Day 1:  The Day they Drove Old Dixie Down!

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"Varsity is more than a Michigan Song!

Mike and Bone flew down from the D", getting into the ATL around 9:00 PM, the Boys stomachs reminded them that they hadn't eaten dinner yet, so what better way to start a trip of Georgia then another return trip to the World Famous Varsity! Four Slaw Dogs, fries, and frosted oranges later, the Boys had once again experienced hot dog heaven!

Sated, the Boys then drive up the 90 miles to Dalton to getting in at Midnight and ready for the Campaign for the ATL! 

Stop 1:  Battle of Pine Ridge (May 713, 1864)

The first stop in the morning was only a few miles way, following a map the Boys exited the Freeway, and bada boom bada bing there it was on the left! To freakin' easy!

The Battle of Pine Ridge started with Confederate General Joseph Johnston entrenching his army on the long, high mountain of Rocky Face Ridge and eastward across Crow Valley. As Sherman approached, he decided to demonstrate against the position with two columns while he sent a third one through Snake Creek Gap, to the right, to hit the Western & Atlantic Railroad at Resaca, Georgia. The two columns engaged the enemy at Buzzard Roost (Mill Creek Gap) and at Dug Gap. In the meantime, the third column, under McPherson, passed through Snake Creek Gap and on May 9 advanced to the outskirts of Resaca, where it found Confederates entrenched. Fearing defeat, McPherson pulled his column back to Snake Creek Gap. On May 10, Sherman decided to take most of his men and join McPherson to take Resaca. The next morning, as he discovered Sherman's army withdrawing from their positions in front of Rocky Face Ridge, Johnston retired south towards Resaca.

The Pine Ridge Marker was on a bluff over looking the road. It was easy to see how Johnston straddled the ridge. Walking around, Mike saw that a "fort" was further up the Hill.

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"Fort Walker" is one of hundreds of forts that both sides would build overnight, mostly just enclosed trenches, they were effective to protect the men in them from the relentless lead that was in the air during an engagement. At 15 minutes wandering around, the Boys headed for Resaca!

Stop 2:  Battle of Resaca (May 1315)

Mike and Bone were lucky again, Resaca National Battlefield is right off of South I-75, Rescaca, unlike Pine Ridge is a more than a limited Historical Marker, it is a full National Battlefield with markers around the battle. Mike and Bone walked the little tour with the forboding of rain in the air.

Resaca was were Union troops tested the Confederate lines to pinpoint their whereabouts. Full scale fighting erupted on May 14, and the Union troops were generally repulsed except on Johnston's right flank, where Sherman did not fully exploit his advantage. On May 15, the battle continued with no advantage to either side until Sherman sent a force across the Oostanula River at Lay's Ferry, towards Johnston's railroad supply line. Unable to halt this Union movement, Johnston was forced to retire.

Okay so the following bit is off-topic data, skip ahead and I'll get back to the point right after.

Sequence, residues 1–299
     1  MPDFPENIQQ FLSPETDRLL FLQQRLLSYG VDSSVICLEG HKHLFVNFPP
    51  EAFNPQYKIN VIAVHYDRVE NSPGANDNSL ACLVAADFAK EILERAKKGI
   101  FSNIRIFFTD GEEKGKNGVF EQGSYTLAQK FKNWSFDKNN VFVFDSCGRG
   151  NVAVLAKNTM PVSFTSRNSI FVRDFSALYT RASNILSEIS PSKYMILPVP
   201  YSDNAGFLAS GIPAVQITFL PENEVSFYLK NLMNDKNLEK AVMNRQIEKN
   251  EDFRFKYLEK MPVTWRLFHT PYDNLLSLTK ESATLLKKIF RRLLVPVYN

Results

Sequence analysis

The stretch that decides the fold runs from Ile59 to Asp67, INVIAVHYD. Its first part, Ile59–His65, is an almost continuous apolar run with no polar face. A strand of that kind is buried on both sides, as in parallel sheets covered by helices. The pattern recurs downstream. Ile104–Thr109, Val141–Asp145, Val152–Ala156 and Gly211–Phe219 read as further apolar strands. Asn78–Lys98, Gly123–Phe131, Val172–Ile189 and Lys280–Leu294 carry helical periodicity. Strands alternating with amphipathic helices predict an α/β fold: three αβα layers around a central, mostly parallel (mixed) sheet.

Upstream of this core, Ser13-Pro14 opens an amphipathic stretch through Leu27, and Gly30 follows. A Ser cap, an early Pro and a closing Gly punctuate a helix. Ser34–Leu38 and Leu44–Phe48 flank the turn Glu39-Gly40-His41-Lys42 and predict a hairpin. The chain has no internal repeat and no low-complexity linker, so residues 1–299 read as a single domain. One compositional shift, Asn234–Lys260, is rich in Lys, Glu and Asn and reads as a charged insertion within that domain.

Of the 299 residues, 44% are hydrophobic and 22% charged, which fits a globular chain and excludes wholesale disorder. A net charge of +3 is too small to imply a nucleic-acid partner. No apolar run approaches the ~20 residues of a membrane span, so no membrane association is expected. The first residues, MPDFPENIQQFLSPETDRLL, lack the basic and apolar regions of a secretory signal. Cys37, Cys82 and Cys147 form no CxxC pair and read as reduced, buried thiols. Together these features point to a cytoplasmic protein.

Mike and Bone walked the Battlefiled for about a half an hour, reading all the various movements of Sherman and Johnston, being buried in the past, they decided to pay their respects to those paid their lives in this Battle.

Resting in Relative Peace: The Resaca Confederate Cemetery

 

One of the cool and poignant things the Boys saw in Resaca was the Confederate Cemetery. It is the burial place of over 450 Confederate soldiers who died during the Atlanta Campaign. It is dedicated for the soldiers that fought in the Battle of Resaca. From the two days of battle at Resaca there are only three graves where the death date is listed as May 15, 1864. The remaining graves are listed as May 14, 1864. Some of the soldiers were identified but there are still 424 graves marked "unknown". The cemetery was based on the generosity of a local family, the Greens. After the battle, the Green family returned to their plantation and the sight that met them there was almost more than they could bear. The bodies of confederate soldiers were buried in crude makeshift graves all across the yard. Compelled by a sense of respect to those who had fallen in action, Mary J. Green and her sister began collecting the bodies to bury properly. Though poverty was rampant, the Green daughters wrote friends asking for any amount money they could give. Col. John Green gave his daughters 2.5 acres of land for use as a cemetery for these soldiers. With the money collected and the land provided, the Green daughters and their mother began work on what we now call the Resaca Confederate Cemetery. The Resaca Confederate Cemetery was founded on October 25, 1866. Ironically, this cemetery and one in Winchester, Virginia were both dedicated on the same day, with each group thinking that they were the first confederate cemetery.